I just learned of for/else loops (http://pyvideo.org/video/1780/transforming-code-into-beautiful-idiomatic-pytho). They are interesting enough to write about. The idea is that there is an "else" clause of a for loop that is only executed if the loop completes without a break statement. The use case is to avoid using a flag. For example, let us say we want to loop through a list and determine if a number exists. Here is a typical way you might think to do it:
def f(): flag = False for i in range(10): if i == 5: flag = True break return flag print f()
A for/else loop does this in a different way. Essentially, the else clause runs if the loop completes, otherwise if the break occurs it is skipped. In this example the break statement occurs, so the else statement is skipped.
def f(): for i in range(10): if i == 5: break else: return False return True print f()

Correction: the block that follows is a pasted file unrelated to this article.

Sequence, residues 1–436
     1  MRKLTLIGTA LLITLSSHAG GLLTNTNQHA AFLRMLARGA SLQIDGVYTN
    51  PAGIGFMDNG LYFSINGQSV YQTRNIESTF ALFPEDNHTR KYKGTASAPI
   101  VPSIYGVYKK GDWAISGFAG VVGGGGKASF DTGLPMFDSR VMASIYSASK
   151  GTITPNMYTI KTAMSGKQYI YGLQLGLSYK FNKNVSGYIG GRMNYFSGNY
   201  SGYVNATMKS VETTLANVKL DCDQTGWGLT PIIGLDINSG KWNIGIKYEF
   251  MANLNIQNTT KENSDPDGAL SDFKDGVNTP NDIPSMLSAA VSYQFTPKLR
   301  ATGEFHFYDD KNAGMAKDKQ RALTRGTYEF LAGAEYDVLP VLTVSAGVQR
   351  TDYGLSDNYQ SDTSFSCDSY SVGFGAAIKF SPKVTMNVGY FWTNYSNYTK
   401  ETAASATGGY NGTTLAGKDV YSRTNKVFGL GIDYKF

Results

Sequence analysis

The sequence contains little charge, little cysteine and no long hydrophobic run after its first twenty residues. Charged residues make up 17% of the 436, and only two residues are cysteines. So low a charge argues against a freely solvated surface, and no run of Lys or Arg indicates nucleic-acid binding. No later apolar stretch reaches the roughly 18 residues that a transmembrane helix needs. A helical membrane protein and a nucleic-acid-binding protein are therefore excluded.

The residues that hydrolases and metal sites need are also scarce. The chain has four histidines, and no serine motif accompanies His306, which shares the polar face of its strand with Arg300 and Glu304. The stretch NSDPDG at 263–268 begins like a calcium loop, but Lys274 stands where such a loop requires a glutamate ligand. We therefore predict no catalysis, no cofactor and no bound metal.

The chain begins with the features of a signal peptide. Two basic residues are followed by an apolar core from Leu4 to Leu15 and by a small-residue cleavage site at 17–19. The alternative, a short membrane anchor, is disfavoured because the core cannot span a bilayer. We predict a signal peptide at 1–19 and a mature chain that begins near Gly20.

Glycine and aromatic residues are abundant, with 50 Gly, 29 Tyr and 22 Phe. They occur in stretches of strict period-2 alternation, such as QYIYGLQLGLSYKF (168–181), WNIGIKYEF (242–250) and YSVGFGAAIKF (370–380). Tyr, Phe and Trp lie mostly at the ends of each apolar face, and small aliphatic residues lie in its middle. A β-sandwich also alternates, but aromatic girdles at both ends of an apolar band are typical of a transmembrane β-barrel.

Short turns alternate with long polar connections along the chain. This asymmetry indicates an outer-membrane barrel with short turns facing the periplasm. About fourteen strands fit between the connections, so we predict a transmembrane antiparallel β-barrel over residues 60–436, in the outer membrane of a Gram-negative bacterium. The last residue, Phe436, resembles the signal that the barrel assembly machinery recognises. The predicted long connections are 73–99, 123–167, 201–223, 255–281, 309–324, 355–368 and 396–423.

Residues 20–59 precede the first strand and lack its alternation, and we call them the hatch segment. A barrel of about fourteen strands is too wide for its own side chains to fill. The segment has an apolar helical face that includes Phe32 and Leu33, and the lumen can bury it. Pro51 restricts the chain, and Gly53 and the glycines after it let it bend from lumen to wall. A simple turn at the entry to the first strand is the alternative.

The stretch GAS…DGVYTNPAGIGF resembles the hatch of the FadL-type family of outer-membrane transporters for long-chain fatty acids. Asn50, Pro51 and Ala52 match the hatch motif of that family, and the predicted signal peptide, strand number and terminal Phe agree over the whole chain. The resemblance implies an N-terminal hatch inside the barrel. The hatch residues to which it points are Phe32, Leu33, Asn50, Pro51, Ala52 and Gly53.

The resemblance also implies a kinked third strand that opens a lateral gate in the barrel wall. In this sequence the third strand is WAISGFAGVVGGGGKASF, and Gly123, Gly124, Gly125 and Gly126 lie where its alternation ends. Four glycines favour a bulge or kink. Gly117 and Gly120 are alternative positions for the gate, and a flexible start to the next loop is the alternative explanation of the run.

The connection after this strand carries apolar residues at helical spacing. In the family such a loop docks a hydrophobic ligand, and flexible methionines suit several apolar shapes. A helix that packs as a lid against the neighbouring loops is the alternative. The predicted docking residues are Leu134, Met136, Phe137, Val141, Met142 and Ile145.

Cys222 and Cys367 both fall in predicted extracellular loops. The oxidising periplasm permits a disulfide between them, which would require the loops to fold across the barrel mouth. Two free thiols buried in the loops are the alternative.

In this example no break statement occurs, so the else clause is executed.
def f(): for i in range(10): if i == 15: break else: return False return True print f()
It is hard to say if this is an improvement over the flag. They both use the same number of lines of code, and I find it debatable if the else statement is intuitive in its meaning. Maybe if there were multiple potential breaks this would be better.
Needless to say, go watch http://pyvideo.org/video/1780/transforming-code-into-beautiful-idiomatic-pytho. You will learn a lot of interesting things!
Copyright (C) 2013 by John Kitchin. See the License for information about copying.